Nov. 6 (Bloomberg) -- An ex-Pennsylvania State University defensive coordinator under football Coach Joe Paterno was charged with sexually assaulting boys, and two school officials were accused of lying to a grand jury about what they knew of the incidents.
Gerald “Jerry” Sandusky, 67, of State College, Pennsylvania, was released on $100,000 unsecured bail yesterday after appearing on charges involving sexual abuse of children while he was founder of Second Mile, a charitable organization that operates programs for young people. The charges involve sexual assaults or advances on eight boys from 1994 to 2009, according to Pennsylvania Attorney General Linda Kelly.
Penn State Athletics Director Timothy Curley, 57, and Senior Vice President Charles Schultz, 62, who oversaw the university police, were charged with failing to report the allegations as well as perjury, Kelly said. They are scheduled to surrender tomorrow in Harrisburg, Pennsylvania, she said.
“This is a case about a sexual predator who used his position within the university and community to repeatedly prey on young boys,” Kelly said in a statement. “It is also a case about high-ranking university officials who allegedly failed to report the sexual assault of a young boy after the information was brought to their attention, and later made false statements to a grand jury that was investigating a series of assaults on young boys.”
All the boys came to know Sandusky through the Second Mile program, which had camps on the Penn State campus, Kelly said. One victim told the grand jury the advances began as “back cracking” and rubbing when he was 11 or 12 years old and later escalated to sex acts during overnight visits at Sandusky’s home.
Sandusky has been aware of the allegations for three years, his attorney Joe Amendola said after yesterday’s court appearance. The investigation began in 2009 after the victim’s mother reported allegations of sexual assault to officials at her son’s high school.
“He’s shaky as you can imagine being a 67-year-old never having to face criminal charges in his life,” Amendola said of Sandusky. “Having the distinguished career he had, these are very serious allegations.”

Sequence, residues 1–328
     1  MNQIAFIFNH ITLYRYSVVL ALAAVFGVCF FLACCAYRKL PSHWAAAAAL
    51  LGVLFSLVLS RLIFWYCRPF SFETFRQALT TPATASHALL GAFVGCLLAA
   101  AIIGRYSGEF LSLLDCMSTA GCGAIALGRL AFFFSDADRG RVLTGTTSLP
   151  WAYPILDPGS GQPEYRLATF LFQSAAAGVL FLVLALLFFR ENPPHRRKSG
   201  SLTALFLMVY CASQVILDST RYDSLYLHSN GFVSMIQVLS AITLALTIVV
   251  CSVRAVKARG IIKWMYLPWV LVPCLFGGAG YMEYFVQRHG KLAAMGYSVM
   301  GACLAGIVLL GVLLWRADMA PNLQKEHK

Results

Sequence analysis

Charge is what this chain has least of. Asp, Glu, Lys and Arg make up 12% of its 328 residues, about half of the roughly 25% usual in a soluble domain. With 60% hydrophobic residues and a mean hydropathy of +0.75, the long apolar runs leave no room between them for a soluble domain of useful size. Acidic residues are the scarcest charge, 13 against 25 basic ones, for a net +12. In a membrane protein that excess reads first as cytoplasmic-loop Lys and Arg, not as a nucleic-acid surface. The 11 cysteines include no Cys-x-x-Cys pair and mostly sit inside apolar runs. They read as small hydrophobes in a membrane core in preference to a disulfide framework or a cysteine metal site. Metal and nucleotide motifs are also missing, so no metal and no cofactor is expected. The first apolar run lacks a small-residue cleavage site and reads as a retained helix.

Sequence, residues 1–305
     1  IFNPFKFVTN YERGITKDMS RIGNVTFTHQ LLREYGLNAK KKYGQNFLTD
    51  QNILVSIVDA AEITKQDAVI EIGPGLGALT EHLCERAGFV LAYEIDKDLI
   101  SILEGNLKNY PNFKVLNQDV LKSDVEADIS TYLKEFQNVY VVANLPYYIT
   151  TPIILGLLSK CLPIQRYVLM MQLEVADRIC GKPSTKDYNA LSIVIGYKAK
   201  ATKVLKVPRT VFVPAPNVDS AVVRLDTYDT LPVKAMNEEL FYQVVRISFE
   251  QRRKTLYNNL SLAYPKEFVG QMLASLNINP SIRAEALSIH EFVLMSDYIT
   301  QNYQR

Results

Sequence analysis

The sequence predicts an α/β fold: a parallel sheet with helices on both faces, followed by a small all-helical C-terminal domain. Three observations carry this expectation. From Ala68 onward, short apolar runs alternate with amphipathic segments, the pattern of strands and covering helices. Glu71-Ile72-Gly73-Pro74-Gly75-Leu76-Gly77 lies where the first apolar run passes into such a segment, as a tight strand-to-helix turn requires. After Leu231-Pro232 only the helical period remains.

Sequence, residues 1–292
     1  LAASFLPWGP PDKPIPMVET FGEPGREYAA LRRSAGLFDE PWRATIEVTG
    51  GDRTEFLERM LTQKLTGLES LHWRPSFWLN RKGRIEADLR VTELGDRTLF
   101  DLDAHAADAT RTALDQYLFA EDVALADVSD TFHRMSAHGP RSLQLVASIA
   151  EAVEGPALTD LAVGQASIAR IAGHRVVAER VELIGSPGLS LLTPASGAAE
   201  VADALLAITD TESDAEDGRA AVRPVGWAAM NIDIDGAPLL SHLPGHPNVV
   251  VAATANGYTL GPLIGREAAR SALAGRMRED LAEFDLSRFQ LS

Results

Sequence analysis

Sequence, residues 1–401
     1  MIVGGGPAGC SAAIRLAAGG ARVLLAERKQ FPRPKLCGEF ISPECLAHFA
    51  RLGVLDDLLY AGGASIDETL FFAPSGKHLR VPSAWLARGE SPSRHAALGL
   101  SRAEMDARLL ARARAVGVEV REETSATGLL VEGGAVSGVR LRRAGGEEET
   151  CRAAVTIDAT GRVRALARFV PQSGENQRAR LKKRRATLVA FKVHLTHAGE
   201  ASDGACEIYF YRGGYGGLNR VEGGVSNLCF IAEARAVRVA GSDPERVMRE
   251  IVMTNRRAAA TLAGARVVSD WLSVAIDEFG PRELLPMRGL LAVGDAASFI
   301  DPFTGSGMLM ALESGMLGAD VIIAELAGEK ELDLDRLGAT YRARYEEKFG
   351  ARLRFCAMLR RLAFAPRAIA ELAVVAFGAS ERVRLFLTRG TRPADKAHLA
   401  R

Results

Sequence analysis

Curley and Schultz allegedly received a first-hand report of a 2002 sexual attack by Sandusky on a boy in the Penn State locker room showers and failed to report the incident, Kelly said.
“One of the most compelling and disturbing pieces of testimony in this investigation came from an eyewitness to a late-night sexual assault that allegedly occurred in March of 2002, in the locker room of the Lasch Football Building on the University Park Campus,” Kelly said. “Hearing what sounded like sexual activity in the showers of a building that was supposed to be empty, a graduate assistant reportedly observed Sandusky sexually assaulting a naked boy who appeared to be about 10 years old.”
The graduate assistant first reported the incident to Paterno, who went to Curley. He then met with Curley and Schultz, senior vice president for finance and business.
“Despite a powerful eyewitness statement about the sexual assault of a child, this incident was not reported to any law enforcement or child protective agency, as required by Pennsylvania law,” Kelly said.
Predator Walked Free
Instead, Curley and Schultz told Sandusky he was banned from bringing any Second Mile children to the football building.
“The failure of top university officials to act on reports of Sandusky’s alleged sexual misconduct, even after it was reported to them in graphic detail by an eyewitness, allowed a predator to walk free for years -- continuing to target new victims,” Kelly said.
University President Graham Spanier said Curley and Schultz have his “unconditional support,” according to the university website Live.
Sandusky, who played for Paterno’s Nittany Lions, was assistant coach from 1969 until his retirement at the end of the 1999 season. He had been considered the heir apparent upon the retirement of Paterno, who at 84, is still coaching.
“I am confident the record will show that these charges are groundless and that they conducted themselves professionally and appropriately,” Spanier said, while acknowledging the allegations against Sandusky are “troubling.”
Schultz “is innocent of all charges,” attorney Tom Farrell said on the website. “We believe in the legal system and we believe it will vindicate him.”
Curley “will vigorously challenge the charges in court, and we are confident he will be exonerated,” attorney Caroline Roberto said in a website statement.
Sandusky is charged with seven felony counts of involuntary sex, as well as charges of aggravated indecent assault, unlawful contact with a minor, endangering the welfare of a child, and corruption of minors, according to the attorney general’s office.
Curley and Schultz are each charged with one count of perjury, along with one count each of failure to report under the Child Protective Services Law, prosecutors said.
To contact the reporter on this story: Nancy Kercheval in Washington at email@example.com
To contact the editor responsible for this story: Michael Sillup at firstname.lastname@example.org